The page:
A Beginner’s Guide to Cruel Control
For the beginner player, the world of Standard Magic can seem daunting to get into, with so many decks to test out and build. For someone who wants to start playing on a competitive level, Cruel Control is probably the best deck for you to learn about.
Cruel Control essentially preys on Magic players’ greediness for more bang for their buck, their want for larger effects and spells. Probably for the only time in Magic, the Cruel Control deck started off as a manabase.
At Grand Prix Birmingham, the first Lorwyn/Shadowmoor block premier level event, both Manuel Bucher and Raphael Levy experimented with this new type of mana base in their top 8 decks.
What makes the mana base so special is the interaction between Vivid lands, such as Vivid Creek or Vivid Marsh, and Reflecting Pool. If you have a Vivid land and a Reflecting Pool on the board, the Reflecting Pool can produce any color of mana. This allows decks to run cards that are nowhere near their colors, and practically banishes color screw to the far reaches of the game.
However, the two decks piloted by these pros are not even close to as streamlined as the Cruel Control deck is today. Bucher’s list was called “Ten Commandments” because the deck’s mana base allowed him to run Cryptic Command, Austere Command, AND Primal Command. Raphael Levy exploited the interaction to run his 5 color Elementals deck.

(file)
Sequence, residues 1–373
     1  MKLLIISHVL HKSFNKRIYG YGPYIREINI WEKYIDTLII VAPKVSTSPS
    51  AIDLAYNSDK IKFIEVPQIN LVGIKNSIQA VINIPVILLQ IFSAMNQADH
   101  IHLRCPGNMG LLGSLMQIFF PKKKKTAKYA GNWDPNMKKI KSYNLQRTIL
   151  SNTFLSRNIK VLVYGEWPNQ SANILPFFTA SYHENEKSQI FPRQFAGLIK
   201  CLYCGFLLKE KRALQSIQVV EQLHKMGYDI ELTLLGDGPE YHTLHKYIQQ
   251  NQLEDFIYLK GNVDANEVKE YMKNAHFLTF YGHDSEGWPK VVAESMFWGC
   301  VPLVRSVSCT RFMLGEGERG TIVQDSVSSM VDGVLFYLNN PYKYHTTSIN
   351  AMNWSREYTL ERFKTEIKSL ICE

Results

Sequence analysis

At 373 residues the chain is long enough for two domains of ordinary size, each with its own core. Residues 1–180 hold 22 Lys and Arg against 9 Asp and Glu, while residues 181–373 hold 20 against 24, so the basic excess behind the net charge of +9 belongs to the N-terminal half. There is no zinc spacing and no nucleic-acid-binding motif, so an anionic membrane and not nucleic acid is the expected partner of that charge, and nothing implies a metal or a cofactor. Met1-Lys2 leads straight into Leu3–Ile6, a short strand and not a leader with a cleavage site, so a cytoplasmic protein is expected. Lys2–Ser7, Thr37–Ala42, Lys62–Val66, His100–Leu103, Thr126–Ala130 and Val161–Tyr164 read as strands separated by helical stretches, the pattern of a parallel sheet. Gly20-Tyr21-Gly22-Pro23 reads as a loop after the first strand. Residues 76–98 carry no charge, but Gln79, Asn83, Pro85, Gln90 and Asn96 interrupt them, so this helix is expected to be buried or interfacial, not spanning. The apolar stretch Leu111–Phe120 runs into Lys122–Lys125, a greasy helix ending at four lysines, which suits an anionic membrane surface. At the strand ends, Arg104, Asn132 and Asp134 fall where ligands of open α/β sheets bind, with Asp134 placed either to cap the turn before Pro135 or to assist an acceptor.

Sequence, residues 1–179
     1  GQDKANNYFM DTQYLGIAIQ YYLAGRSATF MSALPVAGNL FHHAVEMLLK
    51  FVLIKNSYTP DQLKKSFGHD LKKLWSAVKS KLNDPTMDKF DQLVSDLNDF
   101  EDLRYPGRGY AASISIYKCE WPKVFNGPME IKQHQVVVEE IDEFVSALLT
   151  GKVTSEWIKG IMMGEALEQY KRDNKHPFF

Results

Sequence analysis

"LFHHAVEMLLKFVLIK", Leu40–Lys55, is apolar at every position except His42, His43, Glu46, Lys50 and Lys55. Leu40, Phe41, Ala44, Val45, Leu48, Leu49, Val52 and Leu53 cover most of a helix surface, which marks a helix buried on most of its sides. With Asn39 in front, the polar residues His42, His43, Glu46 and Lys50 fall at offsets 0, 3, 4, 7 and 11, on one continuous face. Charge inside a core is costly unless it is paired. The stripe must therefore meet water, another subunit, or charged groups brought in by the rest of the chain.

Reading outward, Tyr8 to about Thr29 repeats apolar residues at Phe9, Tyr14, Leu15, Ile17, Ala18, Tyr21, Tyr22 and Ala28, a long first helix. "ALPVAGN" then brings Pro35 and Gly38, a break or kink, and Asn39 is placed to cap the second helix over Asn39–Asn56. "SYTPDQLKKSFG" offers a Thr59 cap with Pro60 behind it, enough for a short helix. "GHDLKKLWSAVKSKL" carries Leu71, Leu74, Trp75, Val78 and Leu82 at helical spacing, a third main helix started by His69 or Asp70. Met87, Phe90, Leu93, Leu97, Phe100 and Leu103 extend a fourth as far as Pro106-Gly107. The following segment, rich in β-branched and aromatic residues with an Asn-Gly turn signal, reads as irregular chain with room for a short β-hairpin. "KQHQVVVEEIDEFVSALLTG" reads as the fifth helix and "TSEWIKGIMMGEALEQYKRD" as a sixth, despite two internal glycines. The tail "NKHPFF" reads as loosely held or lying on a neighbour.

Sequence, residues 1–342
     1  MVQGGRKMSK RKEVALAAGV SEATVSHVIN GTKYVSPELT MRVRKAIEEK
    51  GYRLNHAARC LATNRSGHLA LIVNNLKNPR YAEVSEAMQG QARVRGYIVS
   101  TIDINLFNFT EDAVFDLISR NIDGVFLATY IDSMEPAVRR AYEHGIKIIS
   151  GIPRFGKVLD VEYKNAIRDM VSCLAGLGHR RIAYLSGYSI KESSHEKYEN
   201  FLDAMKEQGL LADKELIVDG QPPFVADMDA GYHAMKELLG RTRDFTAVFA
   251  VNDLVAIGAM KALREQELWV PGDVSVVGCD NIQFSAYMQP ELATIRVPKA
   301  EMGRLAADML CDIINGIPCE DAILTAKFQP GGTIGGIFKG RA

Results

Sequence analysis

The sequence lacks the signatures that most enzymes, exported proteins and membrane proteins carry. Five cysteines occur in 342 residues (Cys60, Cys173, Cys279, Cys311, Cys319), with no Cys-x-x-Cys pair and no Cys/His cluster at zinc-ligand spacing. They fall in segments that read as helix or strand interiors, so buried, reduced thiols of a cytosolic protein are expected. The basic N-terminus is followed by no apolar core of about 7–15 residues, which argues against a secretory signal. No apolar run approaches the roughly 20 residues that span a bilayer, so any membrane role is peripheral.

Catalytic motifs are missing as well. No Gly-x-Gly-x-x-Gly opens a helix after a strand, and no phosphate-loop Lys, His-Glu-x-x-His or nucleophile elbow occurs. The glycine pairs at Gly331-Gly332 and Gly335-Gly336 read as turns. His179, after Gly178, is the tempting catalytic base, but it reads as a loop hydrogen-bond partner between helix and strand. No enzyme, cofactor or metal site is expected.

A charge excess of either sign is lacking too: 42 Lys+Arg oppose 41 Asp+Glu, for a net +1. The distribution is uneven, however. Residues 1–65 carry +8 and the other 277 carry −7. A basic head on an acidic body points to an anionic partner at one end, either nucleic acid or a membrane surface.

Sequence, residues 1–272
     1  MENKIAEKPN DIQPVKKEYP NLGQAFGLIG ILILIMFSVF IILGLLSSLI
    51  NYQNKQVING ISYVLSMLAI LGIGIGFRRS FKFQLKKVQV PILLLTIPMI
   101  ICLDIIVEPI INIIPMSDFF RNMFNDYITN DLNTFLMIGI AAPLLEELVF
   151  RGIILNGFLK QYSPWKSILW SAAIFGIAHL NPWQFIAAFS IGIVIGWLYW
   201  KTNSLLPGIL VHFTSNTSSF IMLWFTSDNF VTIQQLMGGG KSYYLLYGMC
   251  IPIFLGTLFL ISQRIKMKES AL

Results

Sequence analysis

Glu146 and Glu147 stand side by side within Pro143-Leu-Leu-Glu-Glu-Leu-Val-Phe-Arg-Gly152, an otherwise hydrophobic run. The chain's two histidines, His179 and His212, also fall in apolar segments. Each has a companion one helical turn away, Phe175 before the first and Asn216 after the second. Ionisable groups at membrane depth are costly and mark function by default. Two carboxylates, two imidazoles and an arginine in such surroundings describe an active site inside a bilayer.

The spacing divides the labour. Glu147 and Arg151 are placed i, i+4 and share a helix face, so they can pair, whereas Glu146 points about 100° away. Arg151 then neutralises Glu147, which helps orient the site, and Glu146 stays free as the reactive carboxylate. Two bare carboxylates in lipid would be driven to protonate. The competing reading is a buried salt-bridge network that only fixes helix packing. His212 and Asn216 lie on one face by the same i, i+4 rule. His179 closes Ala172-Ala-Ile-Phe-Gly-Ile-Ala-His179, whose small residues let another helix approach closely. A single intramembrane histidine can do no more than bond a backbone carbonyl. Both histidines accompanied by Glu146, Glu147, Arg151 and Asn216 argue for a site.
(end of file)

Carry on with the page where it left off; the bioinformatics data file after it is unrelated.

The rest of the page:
GerryT, winner of Grand Prix Denver, another Lorwyn/Shadowmoor block event, also ran the Cruel Control mana base. His deck used more Wrath effects, in the form of a playset of Firespouts, but at heart, his deck was a Mannequin deck, using Shriekmaw, Mulldrifter, and Cloudthresher, together with the reanimation powerhouse. This was the original type of Cruel Control, dubbed Quick N’ Toast.
While these decks all had the appearances of Cruel Control, they lacked efficient counterspells to make the deck more powerful. The problem was the absence of Remove Soul and other cheaper counter spells from Lorwyn/Shadowmoor block. However, in Standard, the deck thrived. At Grand Prix Copenhagen in August 2008, Guillame Wafo-Tapa and Phillipp Summereder made the Top 8 with their builds of Cruel Control, still under the moniker of Quick N’ Toast. In the Top 8, though, neither made it through the quarterfinals. When would Quick N’ Toast come out on top?